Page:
As monsoonal moisture made its way across the southwestern portion of the United States over the last couple of weeks, much of the severe weather had missed Pahrump, until the night of Sunday, July 25 when a substantial summer thunderstorm finally broke over the valley, dumping rain and bringing fierce winds that wreaked havoc in certain parts of town, all the while illuminating the dark sky with streaks of lightning for a period of several hours. The storm let up in the late-night hours but revived with ferocity the next day and though wind speeds did not match Sunday’s, the storm on Monday brought even more rain than the previous night and resulted in extensive flooding throughout Pahrump.
The Pahrump Valley Times began receiving reports of damage early in the morning on Monday, July 26 which continued throughout the day, with readers submitting a variety of photos and comments delineating the destruction that was sustained over the two days.
The rain started late Sunday evening, causing some incidents of flooding on area roadways and across properties, and the wind was so strong that it uprooted trees, caused destruction to the roofs of local homes, and sent objects hurling through the air, some of which slammed into other objects such as windows, walls and vehicles. Street signs and light poles were knocked over, trash was blown about and the storm caused power outages as well.
“At one point, just over 6,000 members experienced power blinks during the storm, and approximately 2,000 members were left without power during the fiercest part of Sunday night’s storm,” Valley Electric Association Communications and Marketing representative Amy Carlson told the Times. “Those initially without power were restored within hours. Lightning was the main cause of the early outages, however, trees and debris caused 127 members to be without power for 12 hours. VEA crews were on patrol starting at 10 p.m., working out in the storm to get those without power turned back on as quickly as possible. They were faced with multiple trees taking down power lines as well as debris completely severing lines. The crews worked nonstop throughout the night and into the next day, removing trees, repairing poles, slicing line, all to restore power.”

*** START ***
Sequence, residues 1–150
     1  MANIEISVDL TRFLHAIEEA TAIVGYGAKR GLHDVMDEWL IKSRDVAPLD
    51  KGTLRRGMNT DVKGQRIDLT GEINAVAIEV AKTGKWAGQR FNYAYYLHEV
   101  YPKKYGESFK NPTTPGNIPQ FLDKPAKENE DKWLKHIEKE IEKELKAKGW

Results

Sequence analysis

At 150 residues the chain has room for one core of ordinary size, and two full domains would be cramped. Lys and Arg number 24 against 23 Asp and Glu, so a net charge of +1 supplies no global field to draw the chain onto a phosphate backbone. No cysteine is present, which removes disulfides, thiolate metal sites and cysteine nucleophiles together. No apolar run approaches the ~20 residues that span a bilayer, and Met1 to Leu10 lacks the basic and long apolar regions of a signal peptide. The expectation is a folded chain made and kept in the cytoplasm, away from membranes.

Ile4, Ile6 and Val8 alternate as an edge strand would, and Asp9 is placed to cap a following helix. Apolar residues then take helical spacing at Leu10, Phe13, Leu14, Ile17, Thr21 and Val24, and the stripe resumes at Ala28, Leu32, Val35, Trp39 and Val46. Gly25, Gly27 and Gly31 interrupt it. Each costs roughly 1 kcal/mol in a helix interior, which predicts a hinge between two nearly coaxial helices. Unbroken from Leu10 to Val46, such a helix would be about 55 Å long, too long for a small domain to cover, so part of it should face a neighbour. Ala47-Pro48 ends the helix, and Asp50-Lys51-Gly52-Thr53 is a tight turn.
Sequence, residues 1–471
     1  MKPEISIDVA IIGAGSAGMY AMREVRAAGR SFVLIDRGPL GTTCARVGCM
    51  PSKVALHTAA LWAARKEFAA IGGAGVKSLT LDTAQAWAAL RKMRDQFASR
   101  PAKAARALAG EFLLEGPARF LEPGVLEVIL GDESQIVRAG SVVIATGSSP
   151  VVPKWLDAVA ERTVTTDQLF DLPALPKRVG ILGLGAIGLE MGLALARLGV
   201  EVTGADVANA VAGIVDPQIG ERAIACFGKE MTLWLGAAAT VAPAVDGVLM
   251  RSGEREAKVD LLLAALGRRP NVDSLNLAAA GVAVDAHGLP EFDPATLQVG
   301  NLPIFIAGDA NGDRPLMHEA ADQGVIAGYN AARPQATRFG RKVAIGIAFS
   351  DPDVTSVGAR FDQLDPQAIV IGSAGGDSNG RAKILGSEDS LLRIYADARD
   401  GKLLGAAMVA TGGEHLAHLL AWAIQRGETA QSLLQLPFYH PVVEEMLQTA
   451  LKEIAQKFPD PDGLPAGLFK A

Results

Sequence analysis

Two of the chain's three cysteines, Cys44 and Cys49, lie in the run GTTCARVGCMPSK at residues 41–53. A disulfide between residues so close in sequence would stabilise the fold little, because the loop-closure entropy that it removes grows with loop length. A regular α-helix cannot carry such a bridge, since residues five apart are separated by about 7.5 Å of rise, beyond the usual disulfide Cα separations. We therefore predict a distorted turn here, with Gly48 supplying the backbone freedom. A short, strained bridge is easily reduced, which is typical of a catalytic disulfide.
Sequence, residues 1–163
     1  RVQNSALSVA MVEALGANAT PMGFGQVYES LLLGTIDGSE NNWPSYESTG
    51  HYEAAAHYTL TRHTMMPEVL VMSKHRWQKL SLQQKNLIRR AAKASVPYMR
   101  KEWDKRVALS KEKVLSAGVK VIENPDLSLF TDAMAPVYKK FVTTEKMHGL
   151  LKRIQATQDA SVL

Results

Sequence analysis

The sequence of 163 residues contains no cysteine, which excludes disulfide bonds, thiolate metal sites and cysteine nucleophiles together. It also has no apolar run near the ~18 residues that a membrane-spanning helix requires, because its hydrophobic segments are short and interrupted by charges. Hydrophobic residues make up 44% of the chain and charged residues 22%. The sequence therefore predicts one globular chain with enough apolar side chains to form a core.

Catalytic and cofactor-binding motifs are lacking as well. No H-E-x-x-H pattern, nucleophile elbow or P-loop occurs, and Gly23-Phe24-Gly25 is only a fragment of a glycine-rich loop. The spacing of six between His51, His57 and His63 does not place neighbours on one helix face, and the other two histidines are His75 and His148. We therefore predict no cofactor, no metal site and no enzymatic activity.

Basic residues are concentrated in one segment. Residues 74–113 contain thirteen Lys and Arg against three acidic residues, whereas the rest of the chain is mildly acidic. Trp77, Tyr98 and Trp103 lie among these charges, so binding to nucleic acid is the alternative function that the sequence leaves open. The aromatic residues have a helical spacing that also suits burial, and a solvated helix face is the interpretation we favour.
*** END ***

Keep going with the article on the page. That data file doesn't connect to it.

One area of town that was hit particularly hard by Sunday’s winds was Discovery Park, where a large number of sizable trees displayed shattered branches or were ripped up by their roots and lay prostrate on the ground. Tom Oakley, communications and public relations director for Great Basin Water Company, the owner of Discovery Park, told the Times, “Given the storm damage through Pahrump last evening, including downed trees and debris at Discovery Park, we are requesting residents and tourists refrain from entering the park for their own safety at this time. We will be making a complete assessment over the next couple of days and will provide more information once the extent of the necessary remediation is fully understood. Thank you for your cooperation.”
The National Weather Service in Las Vegas told the Pahrump Valley Times that the storm Sunday night began around 8:30 p.m. and continued until about 11:15 p.m. A flash flood warning came not long after the storm hit, issued at 9:06 p.m. until midnight Sunday.
The National Weather Service also put out a Public Information Statement following Sunday’s storm, detailing the highest rainfall and wind gusts reported. According to the statement, Pahrump experienced rainfall totaling 0.49 inches on Sunday.